Am I content with what I have, even if all I have is food and clothing, is that enough?
This scripture could be used to malign those who find themselves with more than food and money. It has harsh words for those who love money, that it’s the root of all kinds of evil, that it traps us with senseless and harmful desires…but I’m sure I’m no different than any of you, when I go to the convenience store and see the 649 is over, let’s say, 30 million, it’s really difficult to not buy a ticket. I mean, I’ve got my list like you all do – I’d pay off the house, loans, maybe upgrade the car…I’d of course tithe my 10% to the church, I mean with 30 million, that’d go a long way. And down the list I’d go, daydreaming in my own little world of everything I could do. The problem is that those daydreams are dangerous – because it removes us from reality and convinces us that we don’t have enough. Or aren’t enough.
For we, as people of God are to shun all this; pursue righteousness, godliness, faith, love, endurance, gentleness. We are to learn what it means to live a contented life. It doesn’t necessarily mean happy. Too often we confuse the two. That being content means that you’re always happy with your current state of being. There’s a lot of this life that robs us of our happiness. But there’s few things that can take away our contentedness, for if we have food and clothing, we will be content with these. We can be content with little. The use of the word content here, in the Greek, brings a connotation of sufficiency… of having enough…or as the prophet Mick Jagger once sang…You can’t always get want…but if you try sometime, you find, you get what you need.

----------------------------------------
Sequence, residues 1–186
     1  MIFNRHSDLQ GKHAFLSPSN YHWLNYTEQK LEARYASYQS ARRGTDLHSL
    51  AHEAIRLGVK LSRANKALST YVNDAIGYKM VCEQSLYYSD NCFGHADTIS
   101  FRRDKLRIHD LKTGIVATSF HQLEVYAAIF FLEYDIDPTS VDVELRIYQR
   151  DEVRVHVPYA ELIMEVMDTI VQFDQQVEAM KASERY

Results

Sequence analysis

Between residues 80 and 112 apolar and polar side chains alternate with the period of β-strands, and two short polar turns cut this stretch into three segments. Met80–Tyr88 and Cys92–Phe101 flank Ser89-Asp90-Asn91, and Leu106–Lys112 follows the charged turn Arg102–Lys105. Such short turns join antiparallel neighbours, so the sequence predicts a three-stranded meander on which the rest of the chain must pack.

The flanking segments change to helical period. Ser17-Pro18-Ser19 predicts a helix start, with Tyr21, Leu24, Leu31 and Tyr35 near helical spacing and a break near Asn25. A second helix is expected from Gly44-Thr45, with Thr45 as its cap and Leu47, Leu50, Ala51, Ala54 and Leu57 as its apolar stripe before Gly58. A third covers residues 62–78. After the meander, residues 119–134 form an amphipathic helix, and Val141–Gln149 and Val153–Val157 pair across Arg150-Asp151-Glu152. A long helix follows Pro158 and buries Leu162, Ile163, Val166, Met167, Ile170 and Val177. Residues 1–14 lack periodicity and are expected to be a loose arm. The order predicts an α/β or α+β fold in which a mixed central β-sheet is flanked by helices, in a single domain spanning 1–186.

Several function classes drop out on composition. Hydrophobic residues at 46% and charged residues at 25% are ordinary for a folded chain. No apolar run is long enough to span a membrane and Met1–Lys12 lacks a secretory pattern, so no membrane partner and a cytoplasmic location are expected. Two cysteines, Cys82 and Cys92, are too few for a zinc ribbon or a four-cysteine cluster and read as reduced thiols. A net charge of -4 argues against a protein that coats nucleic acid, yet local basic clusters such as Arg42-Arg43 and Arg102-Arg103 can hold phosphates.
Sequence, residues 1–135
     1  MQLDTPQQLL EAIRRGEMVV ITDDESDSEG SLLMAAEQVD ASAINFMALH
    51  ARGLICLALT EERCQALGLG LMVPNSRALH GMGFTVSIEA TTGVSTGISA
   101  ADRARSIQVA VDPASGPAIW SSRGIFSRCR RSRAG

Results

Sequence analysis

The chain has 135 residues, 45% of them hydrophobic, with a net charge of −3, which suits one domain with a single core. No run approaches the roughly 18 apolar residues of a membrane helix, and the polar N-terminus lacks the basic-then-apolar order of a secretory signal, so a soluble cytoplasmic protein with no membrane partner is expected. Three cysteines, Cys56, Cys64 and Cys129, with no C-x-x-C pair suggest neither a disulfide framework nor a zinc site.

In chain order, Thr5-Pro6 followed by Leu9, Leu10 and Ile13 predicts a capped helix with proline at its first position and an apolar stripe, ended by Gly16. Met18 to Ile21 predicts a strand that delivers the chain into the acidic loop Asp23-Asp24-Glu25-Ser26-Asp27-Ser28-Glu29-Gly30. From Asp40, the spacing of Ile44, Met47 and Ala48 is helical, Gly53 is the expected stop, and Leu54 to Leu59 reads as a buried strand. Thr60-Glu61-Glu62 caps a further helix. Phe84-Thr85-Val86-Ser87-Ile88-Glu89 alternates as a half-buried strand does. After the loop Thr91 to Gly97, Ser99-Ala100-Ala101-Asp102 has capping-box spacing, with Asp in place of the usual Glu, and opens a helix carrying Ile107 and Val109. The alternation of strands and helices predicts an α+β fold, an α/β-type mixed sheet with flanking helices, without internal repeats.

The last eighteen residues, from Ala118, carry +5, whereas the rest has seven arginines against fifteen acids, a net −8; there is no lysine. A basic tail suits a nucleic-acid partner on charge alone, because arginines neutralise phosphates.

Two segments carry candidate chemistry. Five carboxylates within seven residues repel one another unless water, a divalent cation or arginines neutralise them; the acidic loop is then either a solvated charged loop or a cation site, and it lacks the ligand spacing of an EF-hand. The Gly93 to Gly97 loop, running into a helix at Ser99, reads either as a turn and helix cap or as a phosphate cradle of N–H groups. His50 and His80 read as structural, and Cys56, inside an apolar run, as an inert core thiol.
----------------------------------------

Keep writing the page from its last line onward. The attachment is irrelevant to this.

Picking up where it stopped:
I’d say this notion of sufficiency is much more difficult today than ever before. It’s not enough to have food or clothing, we only have to drive home and pass any number of Tim Hortons or McDonalds or pizza places…and yet we likely have a fridge or pantry or freezer full of food at home, yet our stomachs growl defiantly within us. We only have to walk through the mall and see a sale to be convinced we don’t have a closet worth of clothing.
Some temptations are easier to pass than others.
But these temptations pull at our notion of enough.
They cause us to doubt our sufficiency. They play on our inadequacies.
It spreads, from food and clothing, to our finances, to our bodies, to our mental states,
enough becomes an unobtainable state of being.